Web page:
Jumping Worms Spreading Through North America, Ecologist Suggests a Kitchen Ingredient to Get Rid of Them | Inside Edition

Jumping Worms Spreading Through North America, Ecologist Suggests a Kitchen Ingredient to Get Rid of Them

The jumping worm, originating in Asia, is ruining forests and gardens in North America.

Earthworms are good for the soil, but so-called jumping worms, an invasive species from Asia, can devastate gardens and forests, and they are spreading across North America. 

“They're found in 37 states, as far as we know now, as well as Ontario.” says Brad Herrick, ecologist at the University of Wisconsin-Madison Arboretum. “ ...[I]f you get a bunch of jumping worms together, they'll probably be able to get off the ground, maybe an inch. So, not very high, but an inch is pretty high for a little jumping worm, [but] it's when you have a lot of them in one area, it's pretty creepy.”

The ecologist shared that depending on the species of worm, they can get up to eight inches long, and because they don’t have any predators, they multiply quickly. 

“The problem is when they get to have high abundance, they eat so much of the food. And by food, I mean leaves that fall from the trees, what we call leaf litter, or in your garden, they'll even eat little roots in your garden.” he said.

“And that really changes the whole, what we call ecosystem. It changes the soil, it changes the plant, it changes what can live there. And it's usually things like the native species that are supposed to be here that really get harmed the most.”

Herrick says that these jumping worms are especially harmful to gardens and sugar maple forests, leaving the area with just bare soil. This results in difficulty for any native plants to grow and increased erosion, ultimately changing the way the forest looks overall.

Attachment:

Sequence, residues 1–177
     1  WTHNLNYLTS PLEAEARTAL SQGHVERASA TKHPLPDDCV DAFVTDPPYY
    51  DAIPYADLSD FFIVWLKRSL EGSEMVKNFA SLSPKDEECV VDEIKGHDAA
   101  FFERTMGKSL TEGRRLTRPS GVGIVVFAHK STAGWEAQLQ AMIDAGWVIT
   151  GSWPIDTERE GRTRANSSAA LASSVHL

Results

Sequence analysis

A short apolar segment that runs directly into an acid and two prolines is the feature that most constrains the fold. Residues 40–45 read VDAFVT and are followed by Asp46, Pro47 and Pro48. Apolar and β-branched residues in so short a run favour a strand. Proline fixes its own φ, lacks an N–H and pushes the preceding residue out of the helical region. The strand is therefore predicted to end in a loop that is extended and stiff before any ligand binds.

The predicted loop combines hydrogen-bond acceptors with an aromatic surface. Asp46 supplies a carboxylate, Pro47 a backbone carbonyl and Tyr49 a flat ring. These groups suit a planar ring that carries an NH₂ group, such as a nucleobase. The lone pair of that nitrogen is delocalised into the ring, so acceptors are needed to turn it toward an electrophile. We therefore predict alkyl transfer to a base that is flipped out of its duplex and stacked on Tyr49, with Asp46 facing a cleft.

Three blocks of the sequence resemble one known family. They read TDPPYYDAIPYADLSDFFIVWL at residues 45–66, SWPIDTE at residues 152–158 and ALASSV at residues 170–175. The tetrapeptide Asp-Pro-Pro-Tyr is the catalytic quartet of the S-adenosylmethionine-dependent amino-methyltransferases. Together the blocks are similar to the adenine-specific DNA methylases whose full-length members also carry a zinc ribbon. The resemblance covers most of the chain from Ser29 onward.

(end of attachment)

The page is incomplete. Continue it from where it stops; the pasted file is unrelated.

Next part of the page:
If you find these worms in your garden, the ecologist suggests getting rid of them as quickly as possible with “the mustard pour.”  

“...you take a third cup of dry mustard powder, and you mix it with a gallon of water, and you shake it up really well. It becomes this yellow slurry, and you can pour it over the soil and wait maybe 30 seconds to a minute. Eventually if there's any earthworms in that soil, they will rise to the top. 

“[The mustard] is a skin irritant and their reaction is to get out of that soil as fast as possible. And they come vertically out of the soil, and you can just see them come up and you can pick them out.

After you’ve collected the worms, you can tie them up in a bag and toss them in the garbage. To be sure you don’t bring any critters with you, Herrick suggests using a brush to dust your shoes off before going back into your house.

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